Yeah, it’s the Knightscope k five. It’s out there today. That’s our most popular product. It was version. 2.0 um, we’re ah we’re working on virgin 5 o now. But it’s a £400 a five-foot-tall three-foot wide machine that roams around primarily outdoors ah up to three miles an hour in you know, crowded environments with either vehicles or or people or both ah to help security guards do their their jobs. Ah, a bit more effectively, as I mentioned before, but it was that. That same product that we’ve been iterating on and finally got it working at scale now.
08:43.19 Matt Watson
Yes, so you mentioned that product. Do you have other products as well. Do you? Do you guys have a huge product suite?
08:52.34 William Santana Li
Yeah, if you go ah if you go a that we have three machines in the production of fourth one coming and then there’s this fifth one. That’s also in development. Um, so there’s the k five that I just mentioned which is primarily outdoors. There’s a smaller version called a k three. It’s a four foot tall primarily for indoors, and then we have a stationary version that’s rather large for ingress-egress locations. Let’s say at a casino or hospital or a real estate development company or something like that. Um. And then we have a smaller version of that coming out later this year and then if all goes well ah the fifth generation version of the k five outdoor machine will also get released this year so we’ve operated more than 1000000 and I think about a million a half hours now and we hold contracts from Hawaii through Texas to North Carolina um and we’ve been operating 24 7 3 65 fully unmanned. There’s no one despite what the internet might say there’s nobody inside. Um, and these are you know level 5 ah equivalents and ah.
09:56.20 Matt Watson
10:05.90 William Santana Li
It’s been ah, an interesting ride. We’ve we have a lot of quote-unquote lessons learned I’ll say.
10:08.25 Matt Watson
Have you ever done any kind of military or government kind of contracts work.
10:15.59 William Santana Li
Oo lots of fun. Um, so we’re about more than halfway through a 2 wo-year cybersecurity review with the us federal government so we actually hold a contract with the federal government. We can’t. Perform on it because we haven’t gotten this cybersecurity clearance. So. There’s this lovely 2 year process that we’re going through if everything goes well cross fingers end of this year we should get an auto or authority to operate and this would be certainly not on the battlefield this would to help you know the. Department of offense better secure assets and and people same for veterans affairs for FEMA for the 10000 buildings that the GSA manages who have the federal protective services have another 15000 officers and guards that protect those buildings. 400 plus federal courthouses that the us marshals ah oversee ah customs and border patrol I mean the TSA the list just goes on and on and on and on.
11:13.60 Matt Watson
yeah yeah I mean so could you see them using robots like this to um, well so how fast did they move you said up to three miles an hour or are there some that go way faster. Okay.
11:23.84 William Santana Li
Yeah, for the ones we have in production now in the future. You know obviously I don’t think you want to be doing three miles an hour at at the border. So.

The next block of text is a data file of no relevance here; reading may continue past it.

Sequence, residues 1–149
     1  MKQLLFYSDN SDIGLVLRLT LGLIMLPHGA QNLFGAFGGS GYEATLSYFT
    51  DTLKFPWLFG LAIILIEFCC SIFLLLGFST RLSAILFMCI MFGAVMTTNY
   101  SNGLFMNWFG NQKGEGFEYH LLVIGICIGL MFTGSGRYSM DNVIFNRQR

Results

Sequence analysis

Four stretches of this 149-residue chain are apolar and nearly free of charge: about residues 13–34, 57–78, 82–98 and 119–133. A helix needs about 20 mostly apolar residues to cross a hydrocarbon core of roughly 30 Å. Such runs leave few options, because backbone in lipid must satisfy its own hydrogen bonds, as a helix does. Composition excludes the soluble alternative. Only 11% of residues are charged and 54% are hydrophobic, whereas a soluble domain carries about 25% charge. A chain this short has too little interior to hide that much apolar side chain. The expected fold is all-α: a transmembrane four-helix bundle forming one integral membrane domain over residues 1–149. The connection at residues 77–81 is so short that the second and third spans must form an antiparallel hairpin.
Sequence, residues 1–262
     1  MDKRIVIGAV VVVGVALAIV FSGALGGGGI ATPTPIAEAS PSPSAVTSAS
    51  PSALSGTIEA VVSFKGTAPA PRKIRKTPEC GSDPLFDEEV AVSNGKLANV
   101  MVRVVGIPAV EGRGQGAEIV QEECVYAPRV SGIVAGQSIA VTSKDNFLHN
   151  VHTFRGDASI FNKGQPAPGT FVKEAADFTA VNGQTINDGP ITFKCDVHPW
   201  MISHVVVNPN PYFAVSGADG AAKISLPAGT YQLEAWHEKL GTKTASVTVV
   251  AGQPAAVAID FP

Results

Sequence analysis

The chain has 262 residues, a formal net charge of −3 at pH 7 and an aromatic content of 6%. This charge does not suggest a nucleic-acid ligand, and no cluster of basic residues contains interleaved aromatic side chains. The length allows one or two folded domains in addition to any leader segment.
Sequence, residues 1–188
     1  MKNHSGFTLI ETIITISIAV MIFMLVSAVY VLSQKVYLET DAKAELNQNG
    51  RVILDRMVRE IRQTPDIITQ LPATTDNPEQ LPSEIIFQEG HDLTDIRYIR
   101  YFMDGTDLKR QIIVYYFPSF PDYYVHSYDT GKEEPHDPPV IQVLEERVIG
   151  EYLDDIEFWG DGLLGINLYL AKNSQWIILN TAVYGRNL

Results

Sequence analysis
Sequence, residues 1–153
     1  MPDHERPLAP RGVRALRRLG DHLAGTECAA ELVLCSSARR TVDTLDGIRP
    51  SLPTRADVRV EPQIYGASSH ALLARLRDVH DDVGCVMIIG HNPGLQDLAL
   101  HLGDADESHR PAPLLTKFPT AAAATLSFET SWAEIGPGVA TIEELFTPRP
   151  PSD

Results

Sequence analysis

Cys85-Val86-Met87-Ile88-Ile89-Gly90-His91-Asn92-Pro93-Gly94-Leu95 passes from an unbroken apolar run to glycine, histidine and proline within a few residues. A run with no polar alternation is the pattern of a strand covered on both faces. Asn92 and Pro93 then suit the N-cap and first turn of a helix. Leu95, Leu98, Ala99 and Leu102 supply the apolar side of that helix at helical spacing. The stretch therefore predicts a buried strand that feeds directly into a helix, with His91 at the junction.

11:30.96 Matt Watson
Yeah, that’s what I was thinking in my head I’m like three miles now on the border is not going to cut it.
11:34.84 William Santana Li
Yeah, we have a K seven that’s ah, a really difficult project that we’re working on. It’s a four-wheel version of our technology. It’s the size of a small car. Basically um and has all the complexities associated with it.
11:44.28 Matt Watson
11:50.78 Matt Watson
So typically give give us an example of of how somebody typically uses this for security like what is a real-world case you mentioned like it helps other security guards or police like what what does it tell them like I’m just kind of curious The the real-world use case there.
11:57.62 William Santana Li
Um, Chuck sure.
12:07.60 William Santana Li
Sure, um, so I’m a break um break this down into kind of 2 different parts 1 less obvious than the other so the less obvious one if you don’t spend time on security I’ll just give you 2 examples and then you’ll get it. 1 is just to provide a physical deterrence.
12:09.52 Matt Watson
And more detail.
12:27.00 William Santana Li
So if I put a marked law enforcement vehicle in front of your home or your office criminal behavior will change just physically being there or you’re going down the highway and ah you see a patrol vehicle on the side of the road frankly don’t care what speed you’re doing. You are going to look down at your speedometer and or pump your brakes right? It’s just a natural. Ah, reaction. So if you’re wanting to do something nefarious and you’re going, I don’t know to a hospital at three o’clock in the morning you want to go steal a car and you pull up and you see this five-foot-tall £400 machine roaming around. It says security or or police on the side of it. The strobe light going. It’s making some interesting sounds or might announce itself or what have you? you have no idea what it does you are going to not steal that car or do it somewhere else, and that is one major, um, effective piece of impact that we’ve had the http://secondis. machines generate over ninety terabytes of data a year that no human is going to be able to process so we put that in a browser-based user interface that it’s more easily digestible for a guard or officer to basically have their eyes ears and voice on the ground in multiple locations at the same time. So they have 360 degree live streaming HD video at their fingertips recorded and live. They’ve got an ability to read several hundred license plates a minute. Ah you can do racial recognition. We can treat your mobile device as if it’s a a license plate kind of sniffing for for Mac addresses. Um, we can run a thermal scan of the environment. The officers can speak through the machine as if it’s a mobile system and those are kind of some basics. So our clients are, you know, major corporate campuses. You know like a citizen’s bank or bank of Hawaii or who’s.